In the years since Brotherhood came out, I’ve written three novels that haven’t quite worked (at least, not yet). A year ago—at the start of 2019—I was sure that by December, I’d have a new contract and a release date to look forward to. But no. Such a bummer.
And when I’ve let this disappointment bring me down, all manner of self-doubt has flooded in. Will I ever get another novel out into the world? What about this blog? Once a month, every month, I’ve rambled here about the process of writing. Haven’t I already said everything worth saying?
Then the doubts snowball, and in an attempt to keep them from gaining speed, a different voice inside my head says I don’t have to do this blog or write another novel. I don’t ever have to write another word. I can quit any time I want. I’m in control of what I do and when/how much I write, and why don’t I just stop? Just go away and do something else?
And when I said all those words out loud, everything changed.
But I’m getting ahead of myself.
This month I signed up for a class on fairy tales, taught by screenwriter and playwright Doug Jones at the Visual Arts Center in Richmond, Virginia. Last week we discussed a short story by Angela Carter called “The Bloody Chamber” (published in the collection of the same name). Her story is a masterpiece of literary nuance and metaphor, and deep into the tale—inspired by Bluebeard—this line jumped out at me:
‘It is the key that leads to the kingdom of the unimaginable,’ he said.
The kingdom of the unimaginable.
Yes. In fairy tales (or “wonder tales”), full as they are of witches and beasts and curses and trolls and cannibalism and worse, storytellers give voice to the unimaginable.
And here’s the thing. Once we give voice to the unimaginable—once we consciously identify our doubts and fears—everything changes. We gain some measure of control over the daemons that plague us rather than the other way ’round. We have to speak the unimaginable, as fairy tales do, and not just whisper vague horrors but name them. Write them down. Call them out. Only then can we banish the devil and squash the troll and defeat the witch, and in the process, find our way. Begin to heal.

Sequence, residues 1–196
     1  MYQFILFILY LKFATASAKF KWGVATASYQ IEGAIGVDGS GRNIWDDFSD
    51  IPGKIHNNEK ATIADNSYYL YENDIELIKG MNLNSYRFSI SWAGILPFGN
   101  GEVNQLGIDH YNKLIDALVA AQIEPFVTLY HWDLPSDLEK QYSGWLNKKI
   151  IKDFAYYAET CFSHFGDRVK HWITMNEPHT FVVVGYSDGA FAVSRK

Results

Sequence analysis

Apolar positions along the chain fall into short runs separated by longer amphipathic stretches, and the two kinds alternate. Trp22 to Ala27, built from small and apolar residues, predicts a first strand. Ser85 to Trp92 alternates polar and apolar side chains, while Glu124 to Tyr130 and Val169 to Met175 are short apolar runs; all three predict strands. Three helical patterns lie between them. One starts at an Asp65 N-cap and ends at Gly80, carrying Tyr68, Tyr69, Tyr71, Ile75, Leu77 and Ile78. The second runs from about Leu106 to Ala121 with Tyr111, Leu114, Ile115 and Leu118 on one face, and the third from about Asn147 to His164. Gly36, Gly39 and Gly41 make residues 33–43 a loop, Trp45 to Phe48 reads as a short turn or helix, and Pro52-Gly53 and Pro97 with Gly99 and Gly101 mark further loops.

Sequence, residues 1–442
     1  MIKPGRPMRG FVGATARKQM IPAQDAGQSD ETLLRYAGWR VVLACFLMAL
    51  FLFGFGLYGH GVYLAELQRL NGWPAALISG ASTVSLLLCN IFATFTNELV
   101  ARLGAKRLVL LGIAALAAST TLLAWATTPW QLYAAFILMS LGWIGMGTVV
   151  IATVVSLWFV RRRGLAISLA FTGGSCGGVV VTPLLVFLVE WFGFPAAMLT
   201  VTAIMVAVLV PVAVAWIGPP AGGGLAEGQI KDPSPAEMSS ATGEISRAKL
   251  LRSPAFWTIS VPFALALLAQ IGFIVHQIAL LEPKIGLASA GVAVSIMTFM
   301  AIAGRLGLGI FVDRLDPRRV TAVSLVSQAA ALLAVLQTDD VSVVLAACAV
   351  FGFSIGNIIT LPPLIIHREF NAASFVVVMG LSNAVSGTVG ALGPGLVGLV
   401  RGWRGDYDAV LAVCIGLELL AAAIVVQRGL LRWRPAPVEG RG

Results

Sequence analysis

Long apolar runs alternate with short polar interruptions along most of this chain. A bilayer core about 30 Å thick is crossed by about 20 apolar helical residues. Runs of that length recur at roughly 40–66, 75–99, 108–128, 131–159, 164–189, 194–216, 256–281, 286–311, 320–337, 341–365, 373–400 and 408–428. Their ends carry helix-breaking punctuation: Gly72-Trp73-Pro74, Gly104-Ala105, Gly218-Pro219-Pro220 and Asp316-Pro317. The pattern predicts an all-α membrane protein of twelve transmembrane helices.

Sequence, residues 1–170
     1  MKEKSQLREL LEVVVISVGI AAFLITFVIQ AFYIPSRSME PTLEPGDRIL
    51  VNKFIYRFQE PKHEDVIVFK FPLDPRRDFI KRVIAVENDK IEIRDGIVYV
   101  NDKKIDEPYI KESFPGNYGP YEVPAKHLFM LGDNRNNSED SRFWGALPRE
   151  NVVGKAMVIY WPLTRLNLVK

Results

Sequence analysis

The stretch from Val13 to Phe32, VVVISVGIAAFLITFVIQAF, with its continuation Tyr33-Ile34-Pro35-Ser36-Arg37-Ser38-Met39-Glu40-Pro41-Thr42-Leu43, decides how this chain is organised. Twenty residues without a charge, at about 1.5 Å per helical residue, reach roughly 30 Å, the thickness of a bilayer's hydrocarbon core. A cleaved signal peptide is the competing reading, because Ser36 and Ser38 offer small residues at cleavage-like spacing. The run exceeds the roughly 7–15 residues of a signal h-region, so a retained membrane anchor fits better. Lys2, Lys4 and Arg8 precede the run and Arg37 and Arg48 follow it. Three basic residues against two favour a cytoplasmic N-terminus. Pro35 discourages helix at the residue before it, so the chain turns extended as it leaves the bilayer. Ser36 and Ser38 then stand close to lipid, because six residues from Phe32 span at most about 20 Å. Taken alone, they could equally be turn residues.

Charles Baudelaire said, “la plus belle des ruses du diable est de vous persuader qu’il n’existe pas” (the devil’s finest trick is to persuade you that he does not exist). Now, I don’t know how you interpret the word devil, but I know that for me, when I said, “I don’t ever have to write another word,” it was like a temptation—like the devil speaking directly to me. Saying the words out loud shone a floodlight on the monster—you don’t ever have to write again—NeverWriteAgain!—and in the glare, I blinked and the daemon shrank and all I wanted to do—more than anything in the world—was write. Forget publishing. Forget agents and editors and marketing teams and industry gatekeepers. Forget the business of it all. I just wanted to write.
I need to write. Something about the process of writing centers me. Connects me with a presence—a force—that is greater than I am. It makes me feel whole. It fills me with gratitude that this—this writing practice (or discipline, as some call it)—this is the life I’m living. The life I get to live. How incredible is that?
I think I must be the luckiest person on the planet.